For the chief marketing officers of Fortune 100 companies, small tech start ups and everywhere in between, video marketing is fast becoming a critical part of their strategic mix. In a world increasingly comfortable with video content and able to consume it anywhere, more CMOs are bringing video making in-house.
However, product managers and marketing executives often see video creation as an expensive, precarious investment – one with huge potential, but a dark art nonetheless. Here are some of the pitfalls, tools, and best practices for creating marketing videos.
CMOs and product marketers love video because:
Video tells a better story: Think TED talks. Think that helpful video explaining how to use your new CRM or how to set up your Chrome device. Detailed, difficult-to-position messages thrive on the nuances you can convey in video.
You can capture the imagination: Use the multidimensionality of video to transport viewers to a better self in a better world.
Digital goes viral: There is enough connectivity between social platforms and news media now that if your video is truly helpful, or truly captivating, its reach will be self powered.
CMOs adopt video slowly or not at all because:
It seems risky: Short-form, non big-budget video is still fairly new for in-house marketing teams, which brings an inherent financial and quality risk.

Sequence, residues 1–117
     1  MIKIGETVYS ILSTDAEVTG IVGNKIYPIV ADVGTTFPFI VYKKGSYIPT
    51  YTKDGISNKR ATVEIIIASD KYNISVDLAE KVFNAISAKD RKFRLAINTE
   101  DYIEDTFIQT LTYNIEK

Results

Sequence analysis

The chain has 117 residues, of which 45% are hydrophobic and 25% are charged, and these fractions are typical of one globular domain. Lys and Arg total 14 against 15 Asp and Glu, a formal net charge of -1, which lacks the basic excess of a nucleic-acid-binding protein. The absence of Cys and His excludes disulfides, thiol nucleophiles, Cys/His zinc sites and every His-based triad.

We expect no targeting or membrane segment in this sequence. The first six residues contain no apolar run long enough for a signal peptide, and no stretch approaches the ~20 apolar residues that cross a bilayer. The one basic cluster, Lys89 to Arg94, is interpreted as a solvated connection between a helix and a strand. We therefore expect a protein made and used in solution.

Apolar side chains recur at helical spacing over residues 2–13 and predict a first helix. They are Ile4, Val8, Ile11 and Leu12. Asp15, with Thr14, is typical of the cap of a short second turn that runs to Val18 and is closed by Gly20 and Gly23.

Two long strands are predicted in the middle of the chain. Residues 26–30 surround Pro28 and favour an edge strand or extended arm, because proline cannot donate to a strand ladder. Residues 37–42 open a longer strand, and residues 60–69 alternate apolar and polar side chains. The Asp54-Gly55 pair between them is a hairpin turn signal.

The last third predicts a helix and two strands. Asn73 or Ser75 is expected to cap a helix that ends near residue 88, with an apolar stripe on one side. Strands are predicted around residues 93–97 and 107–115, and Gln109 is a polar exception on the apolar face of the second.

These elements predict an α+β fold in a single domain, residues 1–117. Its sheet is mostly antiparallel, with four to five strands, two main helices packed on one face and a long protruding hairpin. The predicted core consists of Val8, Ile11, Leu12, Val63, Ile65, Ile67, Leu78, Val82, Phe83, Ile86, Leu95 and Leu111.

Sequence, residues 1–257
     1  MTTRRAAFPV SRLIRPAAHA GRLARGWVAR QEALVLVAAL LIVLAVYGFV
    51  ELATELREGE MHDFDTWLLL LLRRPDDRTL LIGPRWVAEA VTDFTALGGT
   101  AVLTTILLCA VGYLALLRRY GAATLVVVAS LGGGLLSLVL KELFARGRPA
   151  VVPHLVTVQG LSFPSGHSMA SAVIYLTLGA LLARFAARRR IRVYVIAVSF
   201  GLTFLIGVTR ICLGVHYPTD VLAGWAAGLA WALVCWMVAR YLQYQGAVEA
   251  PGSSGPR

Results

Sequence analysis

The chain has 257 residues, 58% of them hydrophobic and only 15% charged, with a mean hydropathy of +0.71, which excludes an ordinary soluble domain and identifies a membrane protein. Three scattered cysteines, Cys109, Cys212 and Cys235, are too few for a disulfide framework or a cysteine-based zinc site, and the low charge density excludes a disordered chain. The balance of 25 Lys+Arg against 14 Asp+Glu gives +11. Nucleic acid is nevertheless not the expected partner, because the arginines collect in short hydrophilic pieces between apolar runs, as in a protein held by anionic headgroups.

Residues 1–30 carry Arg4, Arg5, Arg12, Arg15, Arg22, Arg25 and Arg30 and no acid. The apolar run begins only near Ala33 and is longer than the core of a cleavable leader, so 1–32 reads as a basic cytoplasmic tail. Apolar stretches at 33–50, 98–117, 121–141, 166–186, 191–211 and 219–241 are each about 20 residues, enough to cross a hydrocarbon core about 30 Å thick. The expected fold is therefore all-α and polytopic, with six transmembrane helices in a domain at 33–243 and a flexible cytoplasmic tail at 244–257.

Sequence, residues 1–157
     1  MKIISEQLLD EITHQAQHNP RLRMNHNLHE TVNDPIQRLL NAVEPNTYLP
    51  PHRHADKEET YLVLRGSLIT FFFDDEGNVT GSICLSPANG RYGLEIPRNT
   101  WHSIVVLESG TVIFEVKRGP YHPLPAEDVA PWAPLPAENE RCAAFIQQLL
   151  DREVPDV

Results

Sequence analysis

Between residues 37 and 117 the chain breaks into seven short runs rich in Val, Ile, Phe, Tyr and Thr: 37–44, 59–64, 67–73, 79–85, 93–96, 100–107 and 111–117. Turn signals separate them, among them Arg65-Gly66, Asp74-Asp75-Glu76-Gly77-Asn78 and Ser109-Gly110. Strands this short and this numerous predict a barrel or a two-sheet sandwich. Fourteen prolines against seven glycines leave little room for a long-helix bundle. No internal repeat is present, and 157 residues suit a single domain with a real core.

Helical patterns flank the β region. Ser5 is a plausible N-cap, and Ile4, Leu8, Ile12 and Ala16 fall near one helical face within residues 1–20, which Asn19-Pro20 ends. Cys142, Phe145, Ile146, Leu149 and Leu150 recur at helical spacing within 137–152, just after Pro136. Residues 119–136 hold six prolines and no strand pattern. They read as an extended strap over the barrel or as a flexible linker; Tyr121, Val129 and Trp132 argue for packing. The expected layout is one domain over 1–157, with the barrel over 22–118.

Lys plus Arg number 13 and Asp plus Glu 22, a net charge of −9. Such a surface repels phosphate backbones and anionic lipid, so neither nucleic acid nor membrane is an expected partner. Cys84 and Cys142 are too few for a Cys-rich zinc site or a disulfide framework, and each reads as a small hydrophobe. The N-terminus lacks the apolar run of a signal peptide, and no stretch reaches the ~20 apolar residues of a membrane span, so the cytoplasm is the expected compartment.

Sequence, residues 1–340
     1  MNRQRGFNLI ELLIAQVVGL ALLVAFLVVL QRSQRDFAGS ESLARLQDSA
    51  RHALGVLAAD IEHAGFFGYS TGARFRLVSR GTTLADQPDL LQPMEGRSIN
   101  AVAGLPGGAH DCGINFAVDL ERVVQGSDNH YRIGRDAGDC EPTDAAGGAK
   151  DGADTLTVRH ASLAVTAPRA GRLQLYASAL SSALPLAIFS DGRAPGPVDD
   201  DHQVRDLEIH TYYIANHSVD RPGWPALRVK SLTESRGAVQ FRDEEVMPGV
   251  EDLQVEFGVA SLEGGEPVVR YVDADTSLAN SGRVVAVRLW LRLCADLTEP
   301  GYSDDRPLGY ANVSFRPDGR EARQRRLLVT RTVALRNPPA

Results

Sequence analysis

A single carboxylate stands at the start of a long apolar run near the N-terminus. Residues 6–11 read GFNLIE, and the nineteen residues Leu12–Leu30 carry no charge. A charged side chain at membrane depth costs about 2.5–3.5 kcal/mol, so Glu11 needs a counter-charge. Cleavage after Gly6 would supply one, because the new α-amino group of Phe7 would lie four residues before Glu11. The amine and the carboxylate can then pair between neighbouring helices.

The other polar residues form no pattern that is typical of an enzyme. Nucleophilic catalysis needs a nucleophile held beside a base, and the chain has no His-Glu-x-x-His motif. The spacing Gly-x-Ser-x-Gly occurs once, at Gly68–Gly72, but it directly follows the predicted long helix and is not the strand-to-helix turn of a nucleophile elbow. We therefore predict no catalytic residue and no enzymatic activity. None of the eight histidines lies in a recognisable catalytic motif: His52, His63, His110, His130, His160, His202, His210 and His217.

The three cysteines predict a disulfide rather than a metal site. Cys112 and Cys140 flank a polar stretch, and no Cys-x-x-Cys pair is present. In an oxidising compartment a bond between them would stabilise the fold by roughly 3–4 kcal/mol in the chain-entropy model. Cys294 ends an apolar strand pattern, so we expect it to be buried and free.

It seems time-intensive: A clear vision, clear feedback, approval, and timeline management can become complicated when you have a buyer, a production team, creative, and project managers involved.
Financially, it’s all or nothing: Without an experienced in-house creator or negotiator, it’s easy to experience scope-creep and be forced to choose between an unusable video and a double-digit price increase. This can happen simply due to a misalignment in vision at the outset, or…
Advice for the modern, video-making CMO:
KISS – keep it short, sir: As CJ Cregg said in the West Wing: ‘I’m the Press Secretary, boo-boo, and I just don’t have that kind of time.’ In all seriousness, find your core message, and try to express it in less than 60 seconds. If you can’t, reassess the message, or break it into more than one video.
Create a toolbox: Cloud file storage providers like Box and Dropbox allow for simpler management of large files. Companies like Wipster offer a specialized share-and-review service with the same cloud perks. Your project will go more quickly and with less contention with the right tools.
Resource yourself: here are some helpful articles about making videos for CMOs and marketing executives: